Community Court poised to return to Kelowna after six-year absence | iNFOnews | Thompson-Okanagan's News Source

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Community Court poised to return to Kelowna after six-year absence

Kelowna lawyer Theresa Arsenault is helping with an application for a Community Court.
January 03, 2019 - 10:09 AM

KELOWNA - The next step in a two-year effort to re-establish a Community Court in Kelowna should happen this month as proponents wait to hear if their application will be supported.

The John Howard Society submitted its application to a provincial advisory council in June 2018 and again in December. Lawyer Theresa Arsenault helped to line up the necessary support agencies that are vital if the court is going to be re-established after a previous court closed in 2012.

“What makes us hopeful that this can be successful now is that, concurrently with us trying to get this court going again, supportive housing is being created,” Arsenault said. “There’s much more focus on helping rather than treating them as a problem you’d like to ship away.”

"Them" refers to a relatively narrow range of people charged with minor property crimes or minor assaults. They need to be willing to plead guilty and take responsibility for their actions.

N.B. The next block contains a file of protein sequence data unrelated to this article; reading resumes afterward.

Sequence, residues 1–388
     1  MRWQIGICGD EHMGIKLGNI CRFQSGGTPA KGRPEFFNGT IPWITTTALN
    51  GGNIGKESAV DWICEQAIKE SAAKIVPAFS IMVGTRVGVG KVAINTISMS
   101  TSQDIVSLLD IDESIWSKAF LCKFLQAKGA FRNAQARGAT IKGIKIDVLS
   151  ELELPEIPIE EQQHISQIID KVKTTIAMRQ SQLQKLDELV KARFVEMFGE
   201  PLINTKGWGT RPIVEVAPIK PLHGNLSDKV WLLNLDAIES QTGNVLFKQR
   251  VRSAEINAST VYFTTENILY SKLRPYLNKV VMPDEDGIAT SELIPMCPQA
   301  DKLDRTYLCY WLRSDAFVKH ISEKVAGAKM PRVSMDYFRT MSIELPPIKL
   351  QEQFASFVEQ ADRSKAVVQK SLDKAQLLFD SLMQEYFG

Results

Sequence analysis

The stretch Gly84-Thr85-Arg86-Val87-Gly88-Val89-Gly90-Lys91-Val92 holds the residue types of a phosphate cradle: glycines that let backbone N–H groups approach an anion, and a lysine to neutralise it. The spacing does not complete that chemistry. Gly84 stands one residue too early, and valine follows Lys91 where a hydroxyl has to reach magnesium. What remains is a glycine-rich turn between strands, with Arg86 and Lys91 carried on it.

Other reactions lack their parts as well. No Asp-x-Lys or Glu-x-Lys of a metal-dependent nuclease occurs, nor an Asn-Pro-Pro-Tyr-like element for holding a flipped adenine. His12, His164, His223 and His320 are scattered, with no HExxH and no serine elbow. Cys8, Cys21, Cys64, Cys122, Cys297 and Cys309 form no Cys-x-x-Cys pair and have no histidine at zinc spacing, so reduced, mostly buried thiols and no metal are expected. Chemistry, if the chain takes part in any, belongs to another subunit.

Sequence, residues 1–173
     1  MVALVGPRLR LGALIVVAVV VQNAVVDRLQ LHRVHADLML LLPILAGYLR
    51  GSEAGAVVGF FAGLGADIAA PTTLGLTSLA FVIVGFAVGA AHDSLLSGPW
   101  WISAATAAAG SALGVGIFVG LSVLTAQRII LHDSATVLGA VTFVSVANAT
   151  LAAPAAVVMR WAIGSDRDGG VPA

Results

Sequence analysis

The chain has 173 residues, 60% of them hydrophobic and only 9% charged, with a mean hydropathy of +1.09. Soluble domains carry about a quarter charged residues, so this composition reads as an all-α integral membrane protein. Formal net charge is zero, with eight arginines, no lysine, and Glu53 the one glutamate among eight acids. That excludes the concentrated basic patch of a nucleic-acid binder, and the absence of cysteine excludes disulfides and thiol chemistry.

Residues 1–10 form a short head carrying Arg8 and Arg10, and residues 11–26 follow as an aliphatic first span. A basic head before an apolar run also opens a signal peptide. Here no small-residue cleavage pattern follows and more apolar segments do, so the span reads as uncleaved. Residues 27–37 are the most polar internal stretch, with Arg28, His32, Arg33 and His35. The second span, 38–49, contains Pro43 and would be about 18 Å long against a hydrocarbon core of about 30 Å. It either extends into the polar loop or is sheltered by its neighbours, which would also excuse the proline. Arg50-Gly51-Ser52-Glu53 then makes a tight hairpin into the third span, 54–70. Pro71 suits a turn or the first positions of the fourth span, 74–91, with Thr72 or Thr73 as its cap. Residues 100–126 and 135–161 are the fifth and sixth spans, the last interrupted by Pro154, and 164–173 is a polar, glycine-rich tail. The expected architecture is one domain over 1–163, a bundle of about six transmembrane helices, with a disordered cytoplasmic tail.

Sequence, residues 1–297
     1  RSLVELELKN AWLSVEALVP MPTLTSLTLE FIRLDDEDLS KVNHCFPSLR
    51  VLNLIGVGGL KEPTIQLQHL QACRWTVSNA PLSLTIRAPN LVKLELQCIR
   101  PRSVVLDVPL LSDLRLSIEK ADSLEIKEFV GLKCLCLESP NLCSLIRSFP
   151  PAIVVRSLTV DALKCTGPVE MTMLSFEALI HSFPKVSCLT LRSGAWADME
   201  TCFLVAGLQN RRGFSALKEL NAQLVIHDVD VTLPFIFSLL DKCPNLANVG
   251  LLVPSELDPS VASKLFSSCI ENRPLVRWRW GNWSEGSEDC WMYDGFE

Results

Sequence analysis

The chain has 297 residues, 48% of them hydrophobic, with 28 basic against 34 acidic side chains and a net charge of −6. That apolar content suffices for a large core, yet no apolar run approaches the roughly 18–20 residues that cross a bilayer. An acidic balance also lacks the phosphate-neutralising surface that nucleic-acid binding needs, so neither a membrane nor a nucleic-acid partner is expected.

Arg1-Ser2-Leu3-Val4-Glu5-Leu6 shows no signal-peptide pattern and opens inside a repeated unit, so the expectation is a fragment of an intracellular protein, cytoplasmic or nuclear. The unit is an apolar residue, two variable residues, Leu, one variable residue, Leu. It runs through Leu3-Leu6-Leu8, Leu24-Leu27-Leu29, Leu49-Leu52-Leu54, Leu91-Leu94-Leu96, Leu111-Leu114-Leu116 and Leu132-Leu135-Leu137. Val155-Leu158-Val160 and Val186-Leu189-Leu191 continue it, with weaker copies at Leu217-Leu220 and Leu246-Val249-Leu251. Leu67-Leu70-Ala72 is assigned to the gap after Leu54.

In order to qualify, the offender must either suffer from addiction or mental health issues or be homeless, although Arsenault stressed homeless people will likely make up a small portion of the clientele as they are not necessarily involved in criminal activity.

Currently, such offenders are often going through a number of court hearings before anything of substance is done.

The Community Court (sometimes called an Integrated Court) concept is to have the same judge, police and care agency staff working together to find ways to deal with the underlying causes of the criminal behaviour.

“The judge also gets to know the client,” Arsenault explained. “And the client has to come back, usually, and report to the judge so they’re held accountable. It’s important that you have a consistent judge and a consistent prosecutor. Because they develop a relationship with the accused person and the accused person has somebody they can say to that they’ve complied with their bail conditions.”

A Kelowna judge has already come forward who is willing to serve on the court, if it’s approved.

The court is expected to sit one morning a week. Prior to the formal court hearings, a conference will be held between the Crown prosecutor, defence attorney, probation officer, police and social worker (or an approved person from another agency).

They agree on the appropriateness of diverting the offender to the Community Court although they don’t necessarily agree on the sentence.

The judge will not try the case, since the offender will have already pleaded guilty, but will hold a sentencing hearing. Usually the offender will have to report back to the judge at key times in the future.